Unmet need for recognition of common mental disorders in Australian general practice

I. B. Hickie*, T. A. Davenport, E. M. Scott, D. Hadzi-Pavlovic, S. L. Naismith, A. Koschera

*Corresponding author for this work

Research output: Contribution to journalArticlepeer-review

96 Citations (Scopus)

Abstract

Objective: To determine the rate and predictors of unmet need for recognition of common mental disorders in Australian general practice. Design and setting: Cross-sectional national audit of general practices thoughout Australia in 198-1999. Participants: 46 515 ambulatory care patients attending 386 GPs. Screening tools: Prevalence of common mental disorders - 12 items from the 34-item SPHERE self-report questionnaire and associated classification system; prevalence of recognition of mental disorders by GPs - GPs reporting whether patients had depression, anxiety, mixed depression/anxiety, somatoform, or other psychological disorder; predictors of unmet need for recognition of mental disorders - self-report questions about demography for patients and GPs, and about practice organisation for GPs. Main outcome measures: Reported recognition of psychologial disorders by GPs; actual prevalence of disorders; and patients, GP and practice characteristics predicting the failure to recognise disorders. Results: GPs did not recognise mental disorder in 56% (11 922/21 210) of patients. These comprised 46% (5134/11 060) of patients in the higher level of mental disorders, and (in the second level of disorders) 58% (2906/5036) of patients with predominantly psychological symptoms, and 76% (3882/5114) of those with predominantly somatic symptoms. Patients more likely to have their need for psychological assessment met had the following characteristics; middle-aged (odds ratio [OR], 1.76; 95% CI, 1.59-1.96), female (OR, 1.19; 95% CI, 1.12-1.27), Australian-born (OR, 1.16; 95% CI, 1.08-1.24), unemployed (OR, 1.75; 95% CI, 1.64-1.89), single (OR, 1.52; 95%, CI, 1.41-1.61), presenting with mainly psychological symptoms (OR, 3.54; 95% CI, 3.28-3.81), and presenting for psychological reasons (OR, 4.20; 95% CI, 3.02-5.82). Characteristics of doctors associated with meeting patients' need for assessment were being aged over 35 years (OR, 1.51; 95% CI, 1.09-2.08), having an interest in mental health (OR, 1.27; 95% CI, 1.15-1.41), having had previous mental health training (OR, 1.29; 95% CI, 1.15-1.45), being in part-time practice (OR, 1.23; 95% CI, 1.09-1.39), seeing fewer than 100 patients per week (OR, 1.29; 95% CI, 1.13-1.47), working in practices with fewer than 2000 patients (OR, 1.28; 95% CI, 1.13-1.45) and working in regional centres (OR, 1.16; 95% CI, 1.05-1.28). Conclusion: Unmet need for recognition of common mental disorders remains high. Predictors of unmet need include a somatic symptom profile and practitioner and organisational characteristics which impede the provision of high quality mental health services.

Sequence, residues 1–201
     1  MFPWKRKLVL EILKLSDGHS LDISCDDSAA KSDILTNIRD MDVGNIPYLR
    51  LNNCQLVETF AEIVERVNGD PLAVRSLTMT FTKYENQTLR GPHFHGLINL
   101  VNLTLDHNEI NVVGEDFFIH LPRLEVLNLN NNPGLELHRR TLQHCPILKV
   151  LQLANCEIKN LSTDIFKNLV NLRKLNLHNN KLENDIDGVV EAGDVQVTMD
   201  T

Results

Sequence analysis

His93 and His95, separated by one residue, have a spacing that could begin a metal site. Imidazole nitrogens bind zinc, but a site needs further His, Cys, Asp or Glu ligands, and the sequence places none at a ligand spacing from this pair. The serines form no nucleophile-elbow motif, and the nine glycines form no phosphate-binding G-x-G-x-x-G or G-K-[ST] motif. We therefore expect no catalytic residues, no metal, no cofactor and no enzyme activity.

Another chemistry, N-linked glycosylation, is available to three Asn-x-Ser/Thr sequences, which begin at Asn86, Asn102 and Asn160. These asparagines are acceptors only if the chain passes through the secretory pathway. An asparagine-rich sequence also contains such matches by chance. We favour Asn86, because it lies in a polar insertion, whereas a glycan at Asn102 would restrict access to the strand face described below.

Original languageEnglish
Pages (from-to)S18-S24
Number of pages7
JournalMedical Journal of Australia
Volume175
Issue numberSUPPL.
Publication statusPublished - 16 Jul 2001
Externally publishedYes

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